It’s the latest buzz in artificial intelligence.
Scientists at the Energy Department’s Argonne National Laboratory have pioneered a cutting-edge neuromorphic computer chip—modeled off the brains of bees, fruit flies and other insects—that can rapidly learn, adapt and use substantially less power than its conventional computer chip counterparts.
The physicist leading an interdisciplinary team that developed the state-of-the-art design recently spoke to Nextgov about the chips’ potential to advance artificial intelligence.
“If we start from a biology standpoint, we use ourselves, humans, as a model for intelligent systems, of course. But there are many other branches that evolution has taken where you can sort of reach big computational power,” Angel Yanguas-Gil, principal materials scientist in Argonne’s Applied Materials division, said. “Insects are one of these areas.”
Limitations in contemporary computing motivated the team to look for alternative scientific approaches to apply to microelectronics and the materials that make them up. Over the past 70 years, humans have gotten much better at making physical computing components and it’s at a point where it’s becoming difficult to continuously improve physical devices, he said. Personal devices are simultaneously getting smaller and smarter, and industry watchers anticipate an impending boom in smart sensors that will require less power to compute. And machine learning and deep neural networks are also evolving, but Yanguas-Gil noted they are generally narrowly trained and limited in flexibility.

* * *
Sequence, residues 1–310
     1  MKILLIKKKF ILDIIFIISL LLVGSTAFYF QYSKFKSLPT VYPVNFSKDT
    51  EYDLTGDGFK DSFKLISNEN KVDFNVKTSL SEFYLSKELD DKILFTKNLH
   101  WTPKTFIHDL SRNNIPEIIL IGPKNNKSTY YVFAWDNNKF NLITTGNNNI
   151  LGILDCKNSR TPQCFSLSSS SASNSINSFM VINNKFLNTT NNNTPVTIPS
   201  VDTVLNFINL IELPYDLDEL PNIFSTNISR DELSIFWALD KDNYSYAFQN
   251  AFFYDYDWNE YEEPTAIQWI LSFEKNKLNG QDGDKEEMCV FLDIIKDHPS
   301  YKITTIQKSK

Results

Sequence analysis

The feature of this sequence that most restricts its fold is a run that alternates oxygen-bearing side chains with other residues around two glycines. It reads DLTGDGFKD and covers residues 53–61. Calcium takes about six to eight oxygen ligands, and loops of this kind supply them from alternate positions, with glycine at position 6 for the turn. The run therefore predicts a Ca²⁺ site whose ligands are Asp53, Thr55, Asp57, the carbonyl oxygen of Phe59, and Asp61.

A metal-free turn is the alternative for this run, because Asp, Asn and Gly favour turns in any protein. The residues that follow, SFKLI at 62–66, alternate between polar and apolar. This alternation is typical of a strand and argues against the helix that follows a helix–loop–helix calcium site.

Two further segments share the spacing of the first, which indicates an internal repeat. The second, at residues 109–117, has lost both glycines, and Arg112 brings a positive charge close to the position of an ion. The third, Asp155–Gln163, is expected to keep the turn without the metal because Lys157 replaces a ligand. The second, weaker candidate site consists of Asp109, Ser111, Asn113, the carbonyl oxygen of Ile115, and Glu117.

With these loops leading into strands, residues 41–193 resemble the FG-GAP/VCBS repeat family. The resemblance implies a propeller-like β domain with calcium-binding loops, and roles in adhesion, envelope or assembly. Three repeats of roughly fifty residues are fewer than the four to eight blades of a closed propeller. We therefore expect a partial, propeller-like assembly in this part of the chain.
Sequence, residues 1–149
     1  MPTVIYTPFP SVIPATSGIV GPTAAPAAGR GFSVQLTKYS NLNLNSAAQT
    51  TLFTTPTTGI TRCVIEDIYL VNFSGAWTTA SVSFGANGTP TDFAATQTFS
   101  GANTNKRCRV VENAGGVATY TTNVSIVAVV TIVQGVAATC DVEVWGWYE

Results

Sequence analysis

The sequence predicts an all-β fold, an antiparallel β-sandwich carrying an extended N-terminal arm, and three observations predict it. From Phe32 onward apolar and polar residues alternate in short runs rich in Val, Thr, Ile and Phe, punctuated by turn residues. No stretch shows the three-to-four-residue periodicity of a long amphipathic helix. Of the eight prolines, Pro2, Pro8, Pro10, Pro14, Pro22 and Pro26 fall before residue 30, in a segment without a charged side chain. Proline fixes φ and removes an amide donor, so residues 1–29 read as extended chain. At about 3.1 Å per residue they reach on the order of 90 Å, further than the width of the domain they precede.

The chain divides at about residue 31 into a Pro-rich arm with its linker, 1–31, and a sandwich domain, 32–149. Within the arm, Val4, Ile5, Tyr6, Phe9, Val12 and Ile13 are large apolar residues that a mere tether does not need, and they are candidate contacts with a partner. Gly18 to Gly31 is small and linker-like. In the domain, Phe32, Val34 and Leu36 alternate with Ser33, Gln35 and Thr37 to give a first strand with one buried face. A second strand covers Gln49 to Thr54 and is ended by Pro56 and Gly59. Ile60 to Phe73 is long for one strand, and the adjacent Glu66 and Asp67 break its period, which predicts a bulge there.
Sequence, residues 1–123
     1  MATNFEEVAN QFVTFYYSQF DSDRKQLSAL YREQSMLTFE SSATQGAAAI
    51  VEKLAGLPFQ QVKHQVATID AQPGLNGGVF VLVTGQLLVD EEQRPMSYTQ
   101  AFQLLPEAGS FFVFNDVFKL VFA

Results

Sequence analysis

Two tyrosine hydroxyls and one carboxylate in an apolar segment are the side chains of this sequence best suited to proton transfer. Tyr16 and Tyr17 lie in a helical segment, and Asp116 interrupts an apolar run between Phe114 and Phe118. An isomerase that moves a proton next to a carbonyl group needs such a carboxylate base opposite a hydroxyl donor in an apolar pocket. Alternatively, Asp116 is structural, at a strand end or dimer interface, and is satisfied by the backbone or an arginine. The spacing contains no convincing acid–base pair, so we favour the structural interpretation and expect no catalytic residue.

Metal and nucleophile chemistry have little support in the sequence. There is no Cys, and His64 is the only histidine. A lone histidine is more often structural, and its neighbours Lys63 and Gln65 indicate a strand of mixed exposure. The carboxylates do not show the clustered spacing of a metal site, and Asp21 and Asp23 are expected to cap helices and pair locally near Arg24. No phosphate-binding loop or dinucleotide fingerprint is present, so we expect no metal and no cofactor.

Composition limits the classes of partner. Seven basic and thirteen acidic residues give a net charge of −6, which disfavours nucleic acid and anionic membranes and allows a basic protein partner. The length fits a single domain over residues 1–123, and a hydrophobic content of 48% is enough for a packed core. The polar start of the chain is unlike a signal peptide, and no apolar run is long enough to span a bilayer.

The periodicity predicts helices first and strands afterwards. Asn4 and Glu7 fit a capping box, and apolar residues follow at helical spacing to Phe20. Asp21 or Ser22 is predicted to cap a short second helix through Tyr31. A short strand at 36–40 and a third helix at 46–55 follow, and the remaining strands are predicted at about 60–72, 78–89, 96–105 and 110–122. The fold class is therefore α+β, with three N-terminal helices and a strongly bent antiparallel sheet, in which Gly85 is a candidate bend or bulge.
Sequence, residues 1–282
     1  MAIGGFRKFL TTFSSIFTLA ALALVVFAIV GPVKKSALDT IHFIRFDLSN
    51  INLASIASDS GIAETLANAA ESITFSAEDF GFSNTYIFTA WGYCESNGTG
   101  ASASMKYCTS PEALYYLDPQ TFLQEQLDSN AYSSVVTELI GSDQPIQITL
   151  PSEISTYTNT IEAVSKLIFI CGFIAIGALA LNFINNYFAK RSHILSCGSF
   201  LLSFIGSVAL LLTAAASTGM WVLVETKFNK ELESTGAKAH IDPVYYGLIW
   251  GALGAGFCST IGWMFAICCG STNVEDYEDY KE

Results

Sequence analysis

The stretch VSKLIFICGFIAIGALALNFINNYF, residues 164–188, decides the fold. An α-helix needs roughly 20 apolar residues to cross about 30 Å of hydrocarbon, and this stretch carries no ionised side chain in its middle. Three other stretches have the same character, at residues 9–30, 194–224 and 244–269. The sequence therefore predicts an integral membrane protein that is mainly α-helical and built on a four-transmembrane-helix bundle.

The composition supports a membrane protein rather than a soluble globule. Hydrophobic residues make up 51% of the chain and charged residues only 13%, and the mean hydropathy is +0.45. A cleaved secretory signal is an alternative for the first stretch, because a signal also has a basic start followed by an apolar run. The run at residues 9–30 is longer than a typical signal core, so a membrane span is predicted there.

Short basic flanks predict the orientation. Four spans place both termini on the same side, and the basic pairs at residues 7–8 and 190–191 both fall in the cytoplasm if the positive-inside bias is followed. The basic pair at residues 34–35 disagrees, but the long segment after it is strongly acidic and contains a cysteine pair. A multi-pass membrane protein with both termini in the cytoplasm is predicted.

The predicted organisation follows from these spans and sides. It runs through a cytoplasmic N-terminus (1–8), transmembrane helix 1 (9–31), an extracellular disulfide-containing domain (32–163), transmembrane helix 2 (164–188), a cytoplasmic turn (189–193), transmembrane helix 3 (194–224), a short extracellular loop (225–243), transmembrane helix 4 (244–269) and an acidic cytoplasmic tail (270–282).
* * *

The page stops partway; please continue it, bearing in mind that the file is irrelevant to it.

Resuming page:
But where traditional AI and computing systems fall short, the complexities and viability of insects offer a good model system and a modern sense of promise.
“I tend to see an insect as an autonomous system that consumes milliwatts of power, and that in the case of the bee, they can go miles and come back, they essentially know their way in and their way back, they can solve problems, and they can learn tasks that they haven’t been exposed to, even from an evolutionary standpoint,” Yanguas-Gil said.